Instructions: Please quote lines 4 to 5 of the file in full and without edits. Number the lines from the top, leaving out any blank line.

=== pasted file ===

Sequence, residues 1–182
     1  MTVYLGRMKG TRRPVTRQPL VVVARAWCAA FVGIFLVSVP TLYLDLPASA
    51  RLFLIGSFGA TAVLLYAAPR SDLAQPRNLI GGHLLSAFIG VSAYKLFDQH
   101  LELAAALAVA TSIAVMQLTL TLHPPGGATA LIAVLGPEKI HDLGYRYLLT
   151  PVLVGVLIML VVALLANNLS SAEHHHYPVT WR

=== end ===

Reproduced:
   101  LELAAALAVA TSIAVMQLTL TLHPPGGATA LIAVLGPEKI HDLGYRYLLT
   151  PVLVGVLIML VVALLANNLS SAEHHHYPVT WR